Murray, who is African-American, was mauled by the dog on April 7, 2016, while officers stood by and watched, according to the civil complaint. He suffered cuts, lacerations and scrapes on his body and deep puncture wounds to his legs and hands. He has continued to experience pain and trauma as a result of the attack and injuries.

Despite the allegations, Independent Police Auditor Michael Gennaco said in an email there is no investigation into the incident.

"I have checked with my colleague and we have discerned that because there was no complaint to the PAPD and no resulting internal affairs investigation, the incident would not have fallen within our auditing criteria and thus was not forwarded to us for review. My understanding is that instead, a lawsuit was filed and the matter was resolved through the court process," he wrote.

The lawsuit was filed against the city, interim Police Chief Ron Watson, and officers Bradley Young, Marcus Barbour, Todd Whitehurst, Marianna Villaescusa, Khalil Tannous, Daniel Fino, Paul Burgio and Nicholas Enberg. It alleged Fourth Amendment violations for police use of excessive force and unlawful search and seizure. It also alleged violations of California civil rights laws against hate violence and guaranteeing protection from threats, intimidation, coercion and interference with an individual's constitutional rights. Other claims included assault; battery; false arrest and imprisonment; intentional and negligent infliction of emotional distress; negligence; and violations of the state dog bite statute.

The city never filed a responsive brief contesting the allegations, according to court files.

Murray was walking or standing with friends at about 2 a.m. at the corner of Bryant Street and Bryant Court in Palo Alto when police arrived with their sirens on and stopped their squad cars at the two corners where the teens were located, according to the civil complaint. An officer allegedly pulled up to Murray with her gun drawn. Murray had his hands raised in the air, did not run and was compliant, the lawsuit claimed. He did not have any warrants and was not on probation or parole.

A police dog ran out of the back seat of an officer's vehicle and attacked Murray, according to the complaint. He was eventually taken to a hospital for treatment and was arrested, but no charges were filed. The complaint does not mention why he was arrested and police have said they could not release any information about the case.

The lawsuit maintained there was no reasonable suspicion that the teen had committed any crimes before he was detained and there was no probable cause to believe that he had committed any crimes before his arrest. There was also no good cause to exert force, much less the amount of force used against him.

Murray's attorney, David Helbraun, and Jon Heaberlin, an attorney for the city, did not return requests for comment on Thursday.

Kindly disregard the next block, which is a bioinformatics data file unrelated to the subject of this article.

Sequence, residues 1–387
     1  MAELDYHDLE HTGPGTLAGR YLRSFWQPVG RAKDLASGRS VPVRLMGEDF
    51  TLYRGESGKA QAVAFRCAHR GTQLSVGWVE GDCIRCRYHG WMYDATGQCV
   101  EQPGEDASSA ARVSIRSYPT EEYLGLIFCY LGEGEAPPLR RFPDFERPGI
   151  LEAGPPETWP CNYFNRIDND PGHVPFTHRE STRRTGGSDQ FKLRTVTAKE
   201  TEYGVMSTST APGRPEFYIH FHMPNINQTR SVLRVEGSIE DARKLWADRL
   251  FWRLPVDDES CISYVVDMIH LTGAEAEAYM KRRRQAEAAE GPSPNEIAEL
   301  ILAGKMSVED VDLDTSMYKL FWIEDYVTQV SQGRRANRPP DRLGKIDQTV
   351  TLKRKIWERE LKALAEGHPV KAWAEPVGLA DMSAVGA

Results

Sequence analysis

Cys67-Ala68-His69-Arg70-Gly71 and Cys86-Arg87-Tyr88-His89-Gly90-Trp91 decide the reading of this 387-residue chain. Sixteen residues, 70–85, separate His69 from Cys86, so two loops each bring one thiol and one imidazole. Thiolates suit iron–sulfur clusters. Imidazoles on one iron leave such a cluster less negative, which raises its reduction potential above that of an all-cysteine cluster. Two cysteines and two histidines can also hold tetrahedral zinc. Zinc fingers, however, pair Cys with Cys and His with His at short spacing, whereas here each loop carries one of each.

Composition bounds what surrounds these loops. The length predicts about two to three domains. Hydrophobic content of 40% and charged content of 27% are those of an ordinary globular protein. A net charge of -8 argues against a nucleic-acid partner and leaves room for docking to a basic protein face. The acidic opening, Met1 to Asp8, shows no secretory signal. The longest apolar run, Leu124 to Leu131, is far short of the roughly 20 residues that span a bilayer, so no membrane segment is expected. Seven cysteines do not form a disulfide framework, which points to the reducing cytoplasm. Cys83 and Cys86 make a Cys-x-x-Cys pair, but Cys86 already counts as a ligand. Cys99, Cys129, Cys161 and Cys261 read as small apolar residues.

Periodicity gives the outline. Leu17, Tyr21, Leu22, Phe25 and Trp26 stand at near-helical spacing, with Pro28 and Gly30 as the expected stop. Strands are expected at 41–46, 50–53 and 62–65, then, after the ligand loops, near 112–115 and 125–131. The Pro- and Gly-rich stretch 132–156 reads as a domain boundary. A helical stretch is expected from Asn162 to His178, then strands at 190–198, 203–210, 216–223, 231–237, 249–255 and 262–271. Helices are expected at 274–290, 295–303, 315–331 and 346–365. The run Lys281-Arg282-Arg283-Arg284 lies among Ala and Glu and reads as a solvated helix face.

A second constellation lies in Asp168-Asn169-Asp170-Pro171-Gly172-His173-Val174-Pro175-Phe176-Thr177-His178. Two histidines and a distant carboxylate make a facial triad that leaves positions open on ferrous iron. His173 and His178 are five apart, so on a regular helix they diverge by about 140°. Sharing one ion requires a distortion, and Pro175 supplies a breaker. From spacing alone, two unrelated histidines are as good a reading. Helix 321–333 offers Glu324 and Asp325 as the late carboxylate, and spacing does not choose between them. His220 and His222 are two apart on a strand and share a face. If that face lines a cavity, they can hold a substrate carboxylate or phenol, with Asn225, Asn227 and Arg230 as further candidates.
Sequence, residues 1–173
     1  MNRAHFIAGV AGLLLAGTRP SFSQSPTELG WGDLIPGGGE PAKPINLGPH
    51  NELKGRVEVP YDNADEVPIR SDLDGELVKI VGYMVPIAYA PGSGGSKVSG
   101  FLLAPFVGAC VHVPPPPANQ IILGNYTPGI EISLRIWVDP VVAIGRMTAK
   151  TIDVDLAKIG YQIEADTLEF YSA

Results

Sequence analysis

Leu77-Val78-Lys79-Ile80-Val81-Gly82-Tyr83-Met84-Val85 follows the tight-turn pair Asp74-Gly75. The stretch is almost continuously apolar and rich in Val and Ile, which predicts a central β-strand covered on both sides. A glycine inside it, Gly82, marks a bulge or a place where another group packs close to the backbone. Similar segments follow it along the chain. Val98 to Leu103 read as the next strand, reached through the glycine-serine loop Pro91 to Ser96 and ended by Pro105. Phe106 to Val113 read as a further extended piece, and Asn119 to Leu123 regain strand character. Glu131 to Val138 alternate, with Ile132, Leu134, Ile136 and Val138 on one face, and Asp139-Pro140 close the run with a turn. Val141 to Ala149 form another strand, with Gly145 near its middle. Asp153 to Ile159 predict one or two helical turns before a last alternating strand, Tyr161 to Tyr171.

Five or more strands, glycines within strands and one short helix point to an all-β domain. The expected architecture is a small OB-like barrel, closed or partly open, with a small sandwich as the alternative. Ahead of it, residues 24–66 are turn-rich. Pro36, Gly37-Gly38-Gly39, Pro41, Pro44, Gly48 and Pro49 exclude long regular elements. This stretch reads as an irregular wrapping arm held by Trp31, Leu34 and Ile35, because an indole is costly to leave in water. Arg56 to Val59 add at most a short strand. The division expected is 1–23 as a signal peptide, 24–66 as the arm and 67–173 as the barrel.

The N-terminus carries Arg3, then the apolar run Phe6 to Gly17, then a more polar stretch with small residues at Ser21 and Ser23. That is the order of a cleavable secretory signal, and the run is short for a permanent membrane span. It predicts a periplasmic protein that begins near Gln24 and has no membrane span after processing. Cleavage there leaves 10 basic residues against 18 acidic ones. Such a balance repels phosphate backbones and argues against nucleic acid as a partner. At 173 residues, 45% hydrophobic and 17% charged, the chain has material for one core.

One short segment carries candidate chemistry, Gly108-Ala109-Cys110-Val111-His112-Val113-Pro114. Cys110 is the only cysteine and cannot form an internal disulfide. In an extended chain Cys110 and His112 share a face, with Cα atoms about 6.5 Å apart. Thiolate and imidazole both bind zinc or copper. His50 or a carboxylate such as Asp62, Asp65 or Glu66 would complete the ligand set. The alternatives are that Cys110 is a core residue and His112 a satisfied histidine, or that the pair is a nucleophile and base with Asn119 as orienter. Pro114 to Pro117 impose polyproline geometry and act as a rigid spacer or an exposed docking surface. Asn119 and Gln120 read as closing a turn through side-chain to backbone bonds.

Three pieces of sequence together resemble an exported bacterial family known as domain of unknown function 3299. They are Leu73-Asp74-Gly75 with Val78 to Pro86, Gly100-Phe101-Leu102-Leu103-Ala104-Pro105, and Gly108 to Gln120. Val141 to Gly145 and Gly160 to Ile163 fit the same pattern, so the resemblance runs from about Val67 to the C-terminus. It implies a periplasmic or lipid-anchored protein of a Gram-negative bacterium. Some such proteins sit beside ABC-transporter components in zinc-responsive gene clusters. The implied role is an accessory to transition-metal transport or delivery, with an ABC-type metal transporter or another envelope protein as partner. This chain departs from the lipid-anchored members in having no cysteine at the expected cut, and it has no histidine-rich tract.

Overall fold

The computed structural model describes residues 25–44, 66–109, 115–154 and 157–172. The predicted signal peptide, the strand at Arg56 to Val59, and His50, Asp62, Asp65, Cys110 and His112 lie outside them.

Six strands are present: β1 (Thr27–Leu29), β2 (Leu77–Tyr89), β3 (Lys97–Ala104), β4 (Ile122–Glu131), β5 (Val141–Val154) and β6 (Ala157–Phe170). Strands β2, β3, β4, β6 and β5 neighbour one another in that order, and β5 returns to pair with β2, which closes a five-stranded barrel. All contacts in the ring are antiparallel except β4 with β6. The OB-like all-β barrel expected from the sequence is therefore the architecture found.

Police Capt. Zach Perron deferred comment to the City Attorney Molly Stump's office. Stump confirmed the city had agreed to the settlement. "The settlement is a compromise resolution that is in the interest of the City and the plaintiff," she said in a statement.

Comments

parent
Downtown North
on Apr 19, 2018 at 9:08 pm
parent, Downtown North
on Apr 19, 2018 at 9:08 pm
3 people like this

[Post removed.]


wmconlon
Registered user
Old Palo Alto
on Apr 20, 2018 at 12:49 pm
wmconlon, Old Palo Alto
Registered user
on Apr 20, 2018 at 12:49 pm
9 people like this

"Despite the allegations, Independent Police Auditor Michael Gennaco said in an email there is no investigation into the incident."

Incurious? Likely.
Incompetent? Potentially.
Independent? Definitely not.

A competent independent auditor would ask some questions:
1. How are police dogs to be deployed. For what purpose, when, under what conditions?
2. Are there policies and training guidelines in place?
3. Are these policies consistent with law, humanitarian practices, and the desires and expectations of the city and its residents?
4. Was the dog and the dog handler trained in accordance with policy and guidelines?
5. Did the dog and its handler respond according to the training and guidelines?
6. Do the guidelines or training need to be revised?

Note, that none of this is about assigning blame.

But what is apparent is that the so-called independent police auditor is not doing the job. To me, that means the City (Council and Manager) need to take corrective action to assess the guidelines for the auditor, the auditors policies, procedures and training, and review whether the auditor is performing in accordance with expectations.

In case there is any doubt, I think the auditor has failed us. I suspect (but do not know) that no audit was undertaken at the explicit direction of the City Management, in order to avoid identifying discoverable items that might have been used against the city. If my suspicions are correct, then I feel the City Council and Manager have failed us.


swuzy
Registered user
Charleston Meadows
on Apr 20, 2018 at 3:45 pm
swuzy, Charleston Meadows
Registered user
on Apr 20, 2018 at 3:45 pm
2 people like this

I agree with WMColon's thoughtful, insightful and penetrating comments.

As a concerned resident, I would like to know of any remedial steps the city managers, the police department, and auditors have taken, and have committed to take to avoid and prevent such alarming uncitizenlike conduct ever again.

Where and what is the transparency and learning experience on this terrible perversion of simple decency?


Don't miss out on the discussion!
Sign up to be notified of new comments on this topic.

Post a comment

Sorry, but further commenting on this topic has been closed.